Overlooking Senado Square, Leal Senado (Loyal Senate) was the seat of the Portuguese government in Macau.
The title of Loyal Senate was bestowed on Macau’s government in 1810 by Portugal’s Prince Regent João (who later became King John VI) as a reward for Macau’s loyalty to Portugal during the period between 1580 and 1640 when Spain occupied Portugal during the Philipine Dynasty. A plaque ordered by the king commemorating this is displayed inside the building.
It was erected on the site of an old Chinese style pavilion, which was a meeting place for Portuguese and Chinese officials. The same site was used when the Ming dynasty government would announce regulations to Macau.
The site was purchased by the Portuguese government in 1784, for 80,000 taels and the new building was erected which became the centre for Macau politics in the following years. The building itself was built in the style of “Arquitecture chã” (plain architecture) from the period between 1580-1640, rather than Pombaline style that was more popular at the time.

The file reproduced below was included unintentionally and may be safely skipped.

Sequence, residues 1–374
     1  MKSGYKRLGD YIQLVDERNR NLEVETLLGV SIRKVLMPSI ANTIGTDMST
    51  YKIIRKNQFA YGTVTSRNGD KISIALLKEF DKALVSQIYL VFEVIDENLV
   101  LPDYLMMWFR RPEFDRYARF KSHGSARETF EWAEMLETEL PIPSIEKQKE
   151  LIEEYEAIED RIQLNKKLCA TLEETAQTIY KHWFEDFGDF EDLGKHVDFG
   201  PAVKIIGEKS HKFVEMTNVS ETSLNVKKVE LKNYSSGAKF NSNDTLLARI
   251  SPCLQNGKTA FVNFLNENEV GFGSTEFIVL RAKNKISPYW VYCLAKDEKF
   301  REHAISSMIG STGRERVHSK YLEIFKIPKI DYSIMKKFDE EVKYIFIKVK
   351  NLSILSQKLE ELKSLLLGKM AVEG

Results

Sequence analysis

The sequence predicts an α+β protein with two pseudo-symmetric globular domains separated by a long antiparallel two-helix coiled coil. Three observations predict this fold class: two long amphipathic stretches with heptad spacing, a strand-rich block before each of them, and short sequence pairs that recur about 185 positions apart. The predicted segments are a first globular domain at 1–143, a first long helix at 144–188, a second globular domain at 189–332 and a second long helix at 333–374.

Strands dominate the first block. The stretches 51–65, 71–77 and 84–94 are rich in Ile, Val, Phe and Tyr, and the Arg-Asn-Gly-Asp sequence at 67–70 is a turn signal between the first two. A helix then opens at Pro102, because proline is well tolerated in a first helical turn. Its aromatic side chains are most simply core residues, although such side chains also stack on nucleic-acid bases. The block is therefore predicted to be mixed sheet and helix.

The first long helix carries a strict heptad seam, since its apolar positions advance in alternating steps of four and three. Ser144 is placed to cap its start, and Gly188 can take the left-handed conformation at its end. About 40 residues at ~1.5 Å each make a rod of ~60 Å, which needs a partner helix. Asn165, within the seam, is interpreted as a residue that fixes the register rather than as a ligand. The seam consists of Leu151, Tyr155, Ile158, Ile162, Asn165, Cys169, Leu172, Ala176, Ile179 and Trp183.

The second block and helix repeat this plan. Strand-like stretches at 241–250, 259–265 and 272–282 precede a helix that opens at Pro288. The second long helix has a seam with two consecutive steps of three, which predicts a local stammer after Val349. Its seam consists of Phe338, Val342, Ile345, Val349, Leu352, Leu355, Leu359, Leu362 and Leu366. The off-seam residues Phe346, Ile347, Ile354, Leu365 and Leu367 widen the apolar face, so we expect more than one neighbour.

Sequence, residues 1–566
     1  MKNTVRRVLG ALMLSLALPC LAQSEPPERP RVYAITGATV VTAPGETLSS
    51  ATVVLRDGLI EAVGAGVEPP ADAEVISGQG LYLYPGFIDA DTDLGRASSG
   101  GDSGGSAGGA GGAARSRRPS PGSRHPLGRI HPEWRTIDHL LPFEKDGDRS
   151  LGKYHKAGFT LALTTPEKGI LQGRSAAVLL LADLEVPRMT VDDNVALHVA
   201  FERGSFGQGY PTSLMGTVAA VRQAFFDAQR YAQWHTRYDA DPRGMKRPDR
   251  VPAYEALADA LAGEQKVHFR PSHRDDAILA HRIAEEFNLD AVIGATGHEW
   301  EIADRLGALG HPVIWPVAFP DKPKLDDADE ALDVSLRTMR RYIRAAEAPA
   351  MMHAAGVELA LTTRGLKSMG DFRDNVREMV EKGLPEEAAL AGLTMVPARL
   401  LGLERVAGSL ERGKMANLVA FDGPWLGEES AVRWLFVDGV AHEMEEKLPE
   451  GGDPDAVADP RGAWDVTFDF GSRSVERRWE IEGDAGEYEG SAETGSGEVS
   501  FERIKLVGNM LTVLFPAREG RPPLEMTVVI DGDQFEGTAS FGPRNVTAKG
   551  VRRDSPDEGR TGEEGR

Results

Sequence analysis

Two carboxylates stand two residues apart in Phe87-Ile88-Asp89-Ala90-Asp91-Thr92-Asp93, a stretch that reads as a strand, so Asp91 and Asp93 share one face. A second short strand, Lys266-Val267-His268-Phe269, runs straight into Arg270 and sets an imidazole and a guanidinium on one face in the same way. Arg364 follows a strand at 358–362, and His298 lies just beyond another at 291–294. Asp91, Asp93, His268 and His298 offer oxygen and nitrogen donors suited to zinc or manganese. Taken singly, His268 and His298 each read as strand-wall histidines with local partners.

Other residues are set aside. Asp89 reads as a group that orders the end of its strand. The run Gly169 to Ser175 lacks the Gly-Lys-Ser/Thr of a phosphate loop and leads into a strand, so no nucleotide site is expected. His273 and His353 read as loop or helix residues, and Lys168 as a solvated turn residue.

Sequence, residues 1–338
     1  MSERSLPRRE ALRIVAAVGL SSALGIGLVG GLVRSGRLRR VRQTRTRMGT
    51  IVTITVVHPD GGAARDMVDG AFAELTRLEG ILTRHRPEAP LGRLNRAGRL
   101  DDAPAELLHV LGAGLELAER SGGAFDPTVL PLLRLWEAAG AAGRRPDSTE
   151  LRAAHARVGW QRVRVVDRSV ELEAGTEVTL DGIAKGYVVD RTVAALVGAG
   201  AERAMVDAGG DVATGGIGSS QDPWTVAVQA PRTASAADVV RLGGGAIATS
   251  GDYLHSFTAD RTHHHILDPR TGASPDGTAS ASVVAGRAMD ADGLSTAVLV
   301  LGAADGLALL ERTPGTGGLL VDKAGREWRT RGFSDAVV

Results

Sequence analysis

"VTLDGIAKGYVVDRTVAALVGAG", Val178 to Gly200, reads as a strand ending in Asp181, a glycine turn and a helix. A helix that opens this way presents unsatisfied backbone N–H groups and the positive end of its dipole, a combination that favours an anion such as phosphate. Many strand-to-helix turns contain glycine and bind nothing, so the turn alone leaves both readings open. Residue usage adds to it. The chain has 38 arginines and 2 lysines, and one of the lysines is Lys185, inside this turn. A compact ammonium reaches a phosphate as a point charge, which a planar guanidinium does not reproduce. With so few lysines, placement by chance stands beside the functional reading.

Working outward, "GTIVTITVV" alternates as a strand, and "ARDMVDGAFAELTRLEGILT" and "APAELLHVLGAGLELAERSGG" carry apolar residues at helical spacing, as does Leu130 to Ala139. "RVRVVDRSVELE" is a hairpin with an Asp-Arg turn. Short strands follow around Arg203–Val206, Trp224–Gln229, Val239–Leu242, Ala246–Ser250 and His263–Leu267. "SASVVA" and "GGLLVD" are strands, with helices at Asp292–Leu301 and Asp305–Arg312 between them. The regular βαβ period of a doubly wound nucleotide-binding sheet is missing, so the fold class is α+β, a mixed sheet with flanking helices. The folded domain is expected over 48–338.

Following the handover of Macau to China in 1999 it became the headquarters of the Institute of Civic and Municipal Affair.
In 2005 it became part of the UNESCO World Heritage Site “Historic Centre of Macau”
It is free to enter and often has exhibitions (especially for holidays, like christmas and Chinese new year). If you follow the steps it will take you to a very pretty small garden, with a statue of Luís Vaz de Camões.
Free public toilets are available by the steps, and a small shop sells gifts and books.